Financial Sector Resignations Continue.. This Phenomena Really Has Legs.
In a continuation of our previous article, we continue with the assistance of those previously acknowledged to follow this seemingly mass migration of senior financial experts globally. This now far exceeds “normal attrition”. If we are to believe Benjamin Fulford and others, this is the “taking down” of the cabal that has been responsible for the biggest theft of wealth in history. As we also said, the nature of these resignations is most telling. Fifty-one percent resigned or stepped down, 26 percent retired, and only 9 percent left to take other jobs….
I would welcome anyone in “the know” to comment. I know a lot of financial industry folks read this blog. Maybe it is time and it may be the only time to contribute positively to this discussion and the events unfolding.
Certainly, the evidence is supporting that events are unfolding as Fulford and others are contending. If that is so, then we should be seeing some sort of major media announcement within the next week. We will continue to follow this closely. It does seem important enough to pay close attention.
Also, if this is what is happening (a complete do-over of the global financial system), it is the most important event of our lifetimes. Anyone who can help us understand this correctly is welcome to join the discussion.
3/07/12 (AUSTRALIA) Customers Ltd, Tim Wildash has cashed himself out as chief executive of Australia’s largest ATM operator
3/07/12 (USA CA) CALSTRS, Pascal Villiger, senior private equity portfolio manager at the $145 billion California State Teachers’ Retirement System resigns
3/07/12 (USA) Astaire quits Bank of America Merrill to dance to Barclays Capital’s tune
3/08/12 (UK) Schroders, Chairman Michael Miles depart as fees, inflows drop. UK’s biggest fund management firm.
3/08/12 (USA NY) Schroders, CIO Alan Brown is steps down
3/08/12 (USA IL) CBOE Executive Patrick Fay Put on Leave Amid SEC Probe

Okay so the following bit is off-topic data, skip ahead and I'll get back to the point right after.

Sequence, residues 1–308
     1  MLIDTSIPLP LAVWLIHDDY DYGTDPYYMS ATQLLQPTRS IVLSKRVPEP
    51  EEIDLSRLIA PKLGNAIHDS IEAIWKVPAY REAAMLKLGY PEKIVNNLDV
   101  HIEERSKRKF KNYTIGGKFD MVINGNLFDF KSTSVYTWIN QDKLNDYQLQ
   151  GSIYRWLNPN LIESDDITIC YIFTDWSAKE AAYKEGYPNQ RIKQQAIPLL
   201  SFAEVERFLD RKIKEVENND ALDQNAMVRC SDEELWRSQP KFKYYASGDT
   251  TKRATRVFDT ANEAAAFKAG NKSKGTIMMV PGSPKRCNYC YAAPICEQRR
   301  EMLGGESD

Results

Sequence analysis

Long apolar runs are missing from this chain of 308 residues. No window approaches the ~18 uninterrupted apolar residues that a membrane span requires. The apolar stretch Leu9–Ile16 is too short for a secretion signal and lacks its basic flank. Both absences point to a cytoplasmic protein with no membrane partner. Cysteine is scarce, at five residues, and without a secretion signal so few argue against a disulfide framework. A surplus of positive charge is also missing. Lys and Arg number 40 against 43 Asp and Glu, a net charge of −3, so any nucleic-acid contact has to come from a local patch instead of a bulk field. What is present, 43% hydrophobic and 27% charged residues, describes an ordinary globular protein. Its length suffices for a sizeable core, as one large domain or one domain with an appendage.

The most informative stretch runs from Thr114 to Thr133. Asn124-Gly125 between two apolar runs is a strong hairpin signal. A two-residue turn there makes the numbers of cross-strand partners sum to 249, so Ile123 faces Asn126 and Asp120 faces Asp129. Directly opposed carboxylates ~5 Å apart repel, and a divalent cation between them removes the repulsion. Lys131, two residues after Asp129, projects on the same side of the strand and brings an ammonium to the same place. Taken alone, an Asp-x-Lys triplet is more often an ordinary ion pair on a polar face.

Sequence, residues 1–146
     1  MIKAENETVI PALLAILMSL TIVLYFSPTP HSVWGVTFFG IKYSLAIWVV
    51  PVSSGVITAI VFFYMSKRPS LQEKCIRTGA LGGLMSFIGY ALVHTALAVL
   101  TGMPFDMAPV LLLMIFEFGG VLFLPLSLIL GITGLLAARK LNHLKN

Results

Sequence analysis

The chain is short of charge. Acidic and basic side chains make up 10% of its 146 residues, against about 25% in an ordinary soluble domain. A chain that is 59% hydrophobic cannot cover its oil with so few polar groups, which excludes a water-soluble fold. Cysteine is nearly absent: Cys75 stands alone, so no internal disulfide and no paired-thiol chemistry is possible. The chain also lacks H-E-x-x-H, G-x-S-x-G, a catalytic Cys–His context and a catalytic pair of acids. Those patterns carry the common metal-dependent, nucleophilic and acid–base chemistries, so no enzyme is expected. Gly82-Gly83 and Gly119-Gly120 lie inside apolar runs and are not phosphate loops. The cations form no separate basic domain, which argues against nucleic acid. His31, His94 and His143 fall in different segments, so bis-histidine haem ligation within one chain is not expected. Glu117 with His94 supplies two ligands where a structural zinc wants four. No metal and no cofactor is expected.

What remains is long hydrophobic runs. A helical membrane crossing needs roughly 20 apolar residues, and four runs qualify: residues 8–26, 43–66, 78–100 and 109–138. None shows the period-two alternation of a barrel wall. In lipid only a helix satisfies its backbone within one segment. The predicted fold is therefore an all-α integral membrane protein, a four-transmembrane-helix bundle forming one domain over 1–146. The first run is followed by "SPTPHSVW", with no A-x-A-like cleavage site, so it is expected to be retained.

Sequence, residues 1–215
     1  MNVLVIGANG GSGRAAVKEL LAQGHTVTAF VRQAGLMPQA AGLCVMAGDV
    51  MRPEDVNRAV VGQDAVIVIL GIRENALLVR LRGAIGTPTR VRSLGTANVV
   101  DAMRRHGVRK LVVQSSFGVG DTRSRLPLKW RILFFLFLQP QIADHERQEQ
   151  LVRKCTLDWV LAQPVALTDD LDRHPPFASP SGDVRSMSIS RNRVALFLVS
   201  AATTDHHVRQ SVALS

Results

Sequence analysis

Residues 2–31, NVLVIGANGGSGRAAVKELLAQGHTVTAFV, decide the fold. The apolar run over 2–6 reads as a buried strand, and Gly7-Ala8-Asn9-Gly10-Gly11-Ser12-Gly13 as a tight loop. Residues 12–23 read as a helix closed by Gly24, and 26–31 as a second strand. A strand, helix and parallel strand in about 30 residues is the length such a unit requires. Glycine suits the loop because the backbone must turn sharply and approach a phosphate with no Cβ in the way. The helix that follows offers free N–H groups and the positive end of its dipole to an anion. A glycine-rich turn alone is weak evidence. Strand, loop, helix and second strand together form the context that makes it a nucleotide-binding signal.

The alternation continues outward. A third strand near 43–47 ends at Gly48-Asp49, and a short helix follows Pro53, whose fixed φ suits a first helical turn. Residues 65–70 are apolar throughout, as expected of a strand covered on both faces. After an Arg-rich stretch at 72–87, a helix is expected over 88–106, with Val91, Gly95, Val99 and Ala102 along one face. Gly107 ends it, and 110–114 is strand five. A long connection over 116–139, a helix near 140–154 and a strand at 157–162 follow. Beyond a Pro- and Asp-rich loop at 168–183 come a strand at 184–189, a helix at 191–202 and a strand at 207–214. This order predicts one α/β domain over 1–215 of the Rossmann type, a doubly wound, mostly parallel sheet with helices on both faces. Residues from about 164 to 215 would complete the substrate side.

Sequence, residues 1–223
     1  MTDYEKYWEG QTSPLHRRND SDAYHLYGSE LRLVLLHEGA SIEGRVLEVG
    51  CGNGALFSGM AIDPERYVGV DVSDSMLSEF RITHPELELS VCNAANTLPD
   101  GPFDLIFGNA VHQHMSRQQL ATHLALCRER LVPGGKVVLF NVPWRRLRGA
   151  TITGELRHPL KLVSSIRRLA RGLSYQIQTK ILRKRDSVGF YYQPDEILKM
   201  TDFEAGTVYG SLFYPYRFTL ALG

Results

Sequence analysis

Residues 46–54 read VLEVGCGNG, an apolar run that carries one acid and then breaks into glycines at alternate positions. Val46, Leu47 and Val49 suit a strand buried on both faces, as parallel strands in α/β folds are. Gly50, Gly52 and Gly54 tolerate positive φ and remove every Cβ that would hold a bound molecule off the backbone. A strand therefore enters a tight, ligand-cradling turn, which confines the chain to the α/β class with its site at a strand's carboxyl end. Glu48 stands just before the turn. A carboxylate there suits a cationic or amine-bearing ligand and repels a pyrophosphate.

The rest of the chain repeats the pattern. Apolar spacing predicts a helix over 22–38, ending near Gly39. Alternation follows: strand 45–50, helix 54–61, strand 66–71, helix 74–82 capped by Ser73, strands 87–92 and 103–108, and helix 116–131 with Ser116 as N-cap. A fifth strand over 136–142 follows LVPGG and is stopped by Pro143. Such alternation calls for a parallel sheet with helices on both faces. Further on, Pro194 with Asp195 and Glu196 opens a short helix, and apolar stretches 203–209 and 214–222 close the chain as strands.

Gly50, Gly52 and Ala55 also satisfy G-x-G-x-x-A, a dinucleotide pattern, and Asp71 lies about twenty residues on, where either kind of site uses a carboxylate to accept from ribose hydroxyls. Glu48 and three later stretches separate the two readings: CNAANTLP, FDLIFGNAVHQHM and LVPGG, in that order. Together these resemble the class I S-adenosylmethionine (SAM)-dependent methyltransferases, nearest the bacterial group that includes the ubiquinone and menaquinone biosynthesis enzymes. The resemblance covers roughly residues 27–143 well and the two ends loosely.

3/08/12 (USA NH & RI) Bristol County Savings Bank president E. Dennis Kelly retires after 35 years
3/08/12 (GERMANY) Clearstream Banking AG – Katja Rosenkranz To Leave Deutsche Börse Group [stockmarket]
3/08/12 (UK) B&CE CEO Brian Griffiths is to retire later this year
3/08/12 (UK) Invesco Trimark Ltd, portfolio manager Dana Love has resigned.
3/08/12 (ISRAEL) Bank of Israel Governor Stanley Fischer will hand in his shock resignation in the coming days and take up a new position as head of the Bank of Zambia. Finance Minister Yuval Steinitz is believed to be furious with Fischer’s decision. Treasury officials said he even canceled his participation in the office’s annual Purim party in order to convince Fischer to reverse his decision.
3/08/12 (SOUTH AFRICA) Standard Bank Group Limited (SBK), board member Sir Paul Judge retires.
3/08/12 (SOUTH AFRICA) Standard Bank Groupl Limited (SBK), board member Sir Sam Jonah retires.
3/09/12 (MONGOLIA) Mongol Bank President Alag Batsukh submitted his resignation letter to Speaker of Parliament D. Demberel at the end of last month. He described his reason for resigning as a lack of support by Parliament.
3/09/12 (MONGOLIA) Asia Pacific Securities, General Manager Narantuguldur Saijrakh recently resigned, to focus on his role as Director of Khan Investment Management, investment advisor to the Khan Mongolia Equity Fund – the first open-ended investment vehicle with monthly dealing that invests in Mongolia related equities listed both domestically and internationally.